“ When I was born I had no way to calm myself down or to manage my own reactions. When we are stressed our bodies are full of chemicals that make us active so that we can deal with whatever is upsetting us. These chemicals can be bad for the brain if we can’t get the stress under control.
So when I feel stressed I need you to help me. My body works in tune with yours. When I am stressed I need you to calm down!
I know that having a baby is stressful. But if you can find ways to relax when you are with me, you can make a big difference to the way my brain works.
When you relax your heartbeat slows down – and so does mine. Your breathing slows down – and so does mine. Your blood pressure drops – and so does mine. Your muscles relax – and so do mine. Then you feel calm and comfortable, and so do I. That calm relaxed feeling fills my body with chemicals that help my brain to grow.
Just remember that my brain works more slowly than yours, so it may take some time for me to respond.”

Some suggestions:

  • Try to end exciting play or activity sessions with a wind-down time in which you and your baby can enjoy a few moments of calm.
  • Think about what makes a relaxing space for your baby to be in – soft lighting, warmth and gentle sounds all help.
  • Sing or hum if you or your baby are getting stressed – this will help you relax and is very soothing for your baby. Singing is better than shouting!
  • Try to have some time when you are just focused on the warmth, sounds, sights and smells of your baby, not on things you need to get done, or on people or events that have made you upset or angry.
  • Find some of your own time to do the special things that help you relax – you have to look after yourself if you want to look after your baby.
  • Relax into being a parent – the experience can be unfamiliar, scary or leave you feeling guilty or stressed, but all parents have had to learn the hard way.


  • A baby that has become over-tired and over-stimulated may need particular help to wind down. A close cuddle, rhythmic rocking and persistent Ssh-ing in a dark environment will sometimes ‘reset’ an over-stimulated baby brain.

Stress hormones such as adrenaline and cortisol can injure the human brain. Under the impact of unregulated stress, these excessive hormones change blood supply to key areas of the brain such as those that control language and the self-regulation of mood and impulse. This is the organic explanation for the survival mechanism of fight or flight, in which brain functions that slow down response times (such as thinking) are switched off.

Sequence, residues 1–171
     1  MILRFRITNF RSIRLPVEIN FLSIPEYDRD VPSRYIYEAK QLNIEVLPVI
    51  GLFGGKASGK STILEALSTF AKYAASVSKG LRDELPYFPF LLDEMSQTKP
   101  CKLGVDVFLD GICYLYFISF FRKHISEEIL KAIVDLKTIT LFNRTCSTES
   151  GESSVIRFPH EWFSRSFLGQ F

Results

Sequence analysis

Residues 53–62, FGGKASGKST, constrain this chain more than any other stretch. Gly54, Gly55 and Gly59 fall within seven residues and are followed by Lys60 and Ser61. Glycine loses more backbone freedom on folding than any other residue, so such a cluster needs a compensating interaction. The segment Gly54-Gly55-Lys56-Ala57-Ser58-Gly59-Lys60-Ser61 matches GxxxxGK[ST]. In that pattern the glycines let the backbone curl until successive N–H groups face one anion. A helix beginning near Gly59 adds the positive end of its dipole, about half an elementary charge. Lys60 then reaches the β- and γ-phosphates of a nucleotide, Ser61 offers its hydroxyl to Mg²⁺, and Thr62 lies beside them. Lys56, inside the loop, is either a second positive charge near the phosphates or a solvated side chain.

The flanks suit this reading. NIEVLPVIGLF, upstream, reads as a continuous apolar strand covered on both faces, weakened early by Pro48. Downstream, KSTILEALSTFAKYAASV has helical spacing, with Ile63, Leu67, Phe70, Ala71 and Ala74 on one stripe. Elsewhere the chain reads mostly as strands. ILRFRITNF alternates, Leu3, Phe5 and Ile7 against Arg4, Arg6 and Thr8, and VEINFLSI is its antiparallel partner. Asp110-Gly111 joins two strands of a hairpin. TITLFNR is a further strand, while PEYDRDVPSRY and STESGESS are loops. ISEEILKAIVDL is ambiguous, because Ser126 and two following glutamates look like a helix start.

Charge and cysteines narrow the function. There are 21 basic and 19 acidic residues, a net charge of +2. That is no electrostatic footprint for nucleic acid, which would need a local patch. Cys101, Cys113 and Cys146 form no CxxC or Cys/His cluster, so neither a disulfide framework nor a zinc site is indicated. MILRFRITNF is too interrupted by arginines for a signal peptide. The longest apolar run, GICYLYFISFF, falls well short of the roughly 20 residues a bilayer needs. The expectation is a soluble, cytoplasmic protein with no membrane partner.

If excessive stress is toxic to the adult human brain, it is much more toxic to the rapidly developing brain of a baby. Yet human babies are not born able to self-regulate stress. They must acquire this ability through attunement to at least one adult who can self-regulate their own stress. As the adult relaxes the attuned baby also relaxes, and this builds patterns in the brain enabling the child to begin to self-regulate.
So relaxation is a vital activity for parents. Relaxation techniques can be learned, and learning to relax in the presence of the child is a key skill for all parents.
When relaxation is impossible for a parent, perhaps because they are experiencing a mental disorder such as depression or post-traumatic stress disorder, then they can help their baby’s brain development by making sure that the baby does have access to at least one reliable adult who can relax with the child.
Like all these brain-building activities, relaxation in the parent can involve both soothing and stimulation. Sometimes when a child is in an agitated state they can only be soothed by the parent matching the level of stimulus so that the child re-attunes to the parent. Then when the parent relaxes the child is able to relax with them.

Using saliva swab tests, scientists have been able to measure toxic levels of the stress hormone cortisol in distraught babies whose cries elicit no response from parent or carer.

This may sound like a paradox, but as Allan Schore shows, healthy brain development requires both attunement and misattunement. The baby develops self-regulation through a rhythmic cycle of attunement, which soothes the child, and misattunement, which agitates the child and causes them to initiate re-attunement. In this way the young child develops resilience, becoming able to handle stress and to find change interesting.
This misattunement and re-attunement is also the way that children become able to manage their own impulses. When they do something unacceptable the parent shows them through facial expression and tone of voice that they have made a mistake. The child experiences a moment of shame as a result of this brief misattunement. But re-attunement enables the child to build a brain pattern for managing shame and for learning from mistakes.
This is the origin of the capacity for social learning, and for recognising social cues. It is regulatory patterning, providing the child with the ability to self-regulate impulses and shame.


Nicola Theobald, Lead for Early Years Partnerships

Kate Hubble, Early Years Improvement Officer

Kate Irvine, Early Years Improvement Officer, Early Years Consultant

Beth Osborne, Early Years Consultant

Ali Carrington, Early Years Consultant

Anna Morgan, Early Years Consultant

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